Designing for SEO

What does it mean to design for SEO? Designing with SEO in mind is primarily about balancing user experience and brand goals with the SEO “needs” of search engines. We see the major elements of this as:


As a primary goal, PM Digital makes sure the sites they are designing are able to be indexed by search engines. Sure, this means avoiding 100% Flash websites and splash pages but, moreover, this means using CSS and web fonts to control the display of text copy rather than simply rendering it all as an image. (Images of text cannot be crawled and ranked by search engines.)

We’ve mentioned avoidance of 100% Flash websites but this must be taken a step further to include consideration of individual elements/features of the website he/she is designing. For example, many catalog retailers publish Flash or JavaScript catalogs that are unable to be indexed. Others publish very engaging, content rich widgets (like online games) that are similarly unable to be indexed.   Designing with indexation in mind means designing to target HTML5 capabilities or, at the very least, designing Flash/JS elements with areas to include supporting text copy and/or division into discreet landing pages.

Navigation structures

When we design for SEO, a topic closely related to indexation is navigation. Picking up where the previous paragraph left off, we ensure navigation elements are not designed in such a way that they require complex Flash, JS or form submissions. Real text elements are preferred for navigation labeling.

Next, the design of a site’s primary and secondary navigation must create an internal link structure that does three things: i) does not overwhelm search bots with hundreds of links per page, ii) creates a link “tree” that effectively passes SEO equity from relevant higher level pages to relevant lower level pages, and iii) avoids creating orphan pages. Normally, siloing of information is a bad thing but, when designing deep site navigation, particularly secondary navigation like faceting, fulfilling these three requirements means presenting links only relevant to the section the user has already selected – “siloing” deep links by category and avoiding overwhelming every page and users with links to now-irrelevant sections of the site at large.

Finally, information architecture (“IA”) must be involved when designing site navigation. This can be as simple as dictating what text needs to be included in navigation elements. This can be as complex as steering a design to use six main navigation headers instead of five because keyword usage/linguistics point to the existence of six valuable audience segments, thus enhancing the user relevancy and experience.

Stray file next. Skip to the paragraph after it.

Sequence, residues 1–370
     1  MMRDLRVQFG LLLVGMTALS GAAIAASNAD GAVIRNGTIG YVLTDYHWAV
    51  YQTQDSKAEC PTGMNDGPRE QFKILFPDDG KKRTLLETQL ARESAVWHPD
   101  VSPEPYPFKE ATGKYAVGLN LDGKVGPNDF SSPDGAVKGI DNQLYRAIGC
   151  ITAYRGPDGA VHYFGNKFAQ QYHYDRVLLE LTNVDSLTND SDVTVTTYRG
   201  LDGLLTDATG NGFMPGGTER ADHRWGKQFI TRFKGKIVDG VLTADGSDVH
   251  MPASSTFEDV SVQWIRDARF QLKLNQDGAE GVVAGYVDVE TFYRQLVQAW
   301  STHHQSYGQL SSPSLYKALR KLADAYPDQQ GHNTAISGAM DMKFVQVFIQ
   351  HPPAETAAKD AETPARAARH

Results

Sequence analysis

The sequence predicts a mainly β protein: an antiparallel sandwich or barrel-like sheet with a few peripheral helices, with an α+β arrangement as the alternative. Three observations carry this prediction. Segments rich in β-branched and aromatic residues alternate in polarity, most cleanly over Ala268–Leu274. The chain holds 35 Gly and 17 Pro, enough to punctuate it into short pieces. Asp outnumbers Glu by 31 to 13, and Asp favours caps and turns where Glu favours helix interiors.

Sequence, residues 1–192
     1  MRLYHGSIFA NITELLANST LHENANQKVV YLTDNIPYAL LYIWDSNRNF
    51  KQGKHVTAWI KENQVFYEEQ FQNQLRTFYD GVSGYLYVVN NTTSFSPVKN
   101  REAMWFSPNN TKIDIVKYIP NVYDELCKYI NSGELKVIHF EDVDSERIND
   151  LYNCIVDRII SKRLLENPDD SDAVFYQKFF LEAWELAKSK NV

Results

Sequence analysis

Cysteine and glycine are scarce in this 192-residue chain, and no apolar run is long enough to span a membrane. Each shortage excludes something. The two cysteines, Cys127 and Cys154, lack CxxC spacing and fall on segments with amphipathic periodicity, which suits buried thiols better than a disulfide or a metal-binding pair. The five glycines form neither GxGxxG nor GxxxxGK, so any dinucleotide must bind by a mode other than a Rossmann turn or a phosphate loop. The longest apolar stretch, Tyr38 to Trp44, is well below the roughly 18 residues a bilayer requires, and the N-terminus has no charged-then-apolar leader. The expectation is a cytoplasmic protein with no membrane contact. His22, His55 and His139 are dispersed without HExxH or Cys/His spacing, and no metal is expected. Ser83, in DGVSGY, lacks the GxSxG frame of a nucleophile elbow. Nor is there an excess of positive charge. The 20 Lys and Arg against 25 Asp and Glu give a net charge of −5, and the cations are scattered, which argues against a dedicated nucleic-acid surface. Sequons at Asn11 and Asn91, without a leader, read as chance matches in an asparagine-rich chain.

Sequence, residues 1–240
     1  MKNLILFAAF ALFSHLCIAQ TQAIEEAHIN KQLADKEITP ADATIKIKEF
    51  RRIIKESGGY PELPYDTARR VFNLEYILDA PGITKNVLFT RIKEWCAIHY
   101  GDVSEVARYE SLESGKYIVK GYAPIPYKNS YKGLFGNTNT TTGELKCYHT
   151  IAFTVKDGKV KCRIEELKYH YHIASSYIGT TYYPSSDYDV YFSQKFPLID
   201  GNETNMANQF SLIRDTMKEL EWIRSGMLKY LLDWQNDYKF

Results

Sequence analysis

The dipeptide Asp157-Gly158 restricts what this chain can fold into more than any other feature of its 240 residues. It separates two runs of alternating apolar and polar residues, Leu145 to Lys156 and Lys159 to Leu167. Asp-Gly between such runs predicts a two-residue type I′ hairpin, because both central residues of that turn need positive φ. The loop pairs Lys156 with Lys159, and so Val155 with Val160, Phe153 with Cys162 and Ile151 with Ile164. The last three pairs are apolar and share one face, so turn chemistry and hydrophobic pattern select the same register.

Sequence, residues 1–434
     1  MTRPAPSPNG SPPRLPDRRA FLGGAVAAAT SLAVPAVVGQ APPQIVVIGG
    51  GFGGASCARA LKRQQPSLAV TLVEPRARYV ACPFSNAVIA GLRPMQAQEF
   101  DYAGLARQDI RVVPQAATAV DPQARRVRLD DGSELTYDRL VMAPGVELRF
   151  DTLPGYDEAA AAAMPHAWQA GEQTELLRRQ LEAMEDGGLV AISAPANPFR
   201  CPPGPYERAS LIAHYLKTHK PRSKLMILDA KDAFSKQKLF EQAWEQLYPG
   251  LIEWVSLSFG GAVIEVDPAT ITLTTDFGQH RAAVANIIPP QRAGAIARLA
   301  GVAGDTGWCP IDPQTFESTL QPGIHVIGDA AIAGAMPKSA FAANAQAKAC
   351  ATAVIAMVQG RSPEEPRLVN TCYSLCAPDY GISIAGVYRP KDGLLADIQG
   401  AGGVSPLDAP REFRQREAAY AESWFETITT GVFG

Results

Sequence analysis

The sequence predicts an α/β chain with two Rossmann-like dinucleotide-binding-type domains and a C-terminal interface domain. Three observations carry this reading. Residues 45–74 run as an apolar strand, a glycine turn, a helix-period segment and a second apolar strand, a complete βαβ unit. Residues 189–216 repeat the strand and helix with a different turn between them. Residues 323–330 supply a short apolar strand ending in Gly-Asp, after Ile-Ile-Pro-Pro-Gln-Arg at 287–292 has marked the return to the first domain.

Design with Optimization in Mind

Once the design process has checked off these fundamental indexation and navigation issues, the design for SEO process can focus on ways to design that will help actively optimize the site. A few ways include:

  • Header Structure – ensuring all content pages have a clear header/heading for the page and expand using sub-topics that are presented in a hierarchical manner.
  • Expanding DIVs – employing areas that, when clicked, open additional text content
  • Rich Snippets/Media – designing product and category pages to support star ratings, reviews and media types (like video) that will enhance search engine result listings.
  • Responsive Design – a subject unto itself, but designing a site to be responsive solves many SEO issues that prevent organic ranking success within mobile indices.


Pre- and At-publish Testing/Optimization

At PM Digital, we take design for SEO one step further than many by involving our SEO team in site development, pre- and at-publish QA processes. The SEO team’s two major areas of focus are:

  • Structural Optimization – pre-publish, our SEO team reviews the site’s URL structures, ensures the site is coded to support TITLE and META tags, checks for complex indexation issues and helps spot duplicate content that may exist within the site structure.
  • Search Engine Equity Migration – at the time of publish, the SEO team is employed to map existing site URLs to the new site equivalents. This helps minimize ranking & traffic loss during re-design.

In short, designing for SEO does mean considering indexation and placement of text, but it also involves much more informed decisions about coding and information architecture. As we see silos coming down between our clients’ marketing departments, so too have the walls come down within agency operations like design and development to include wider considerations like SEO and audience targeting.  What have you found, on either the agency or client side, to be design practices that are good (or bad) for SEO?

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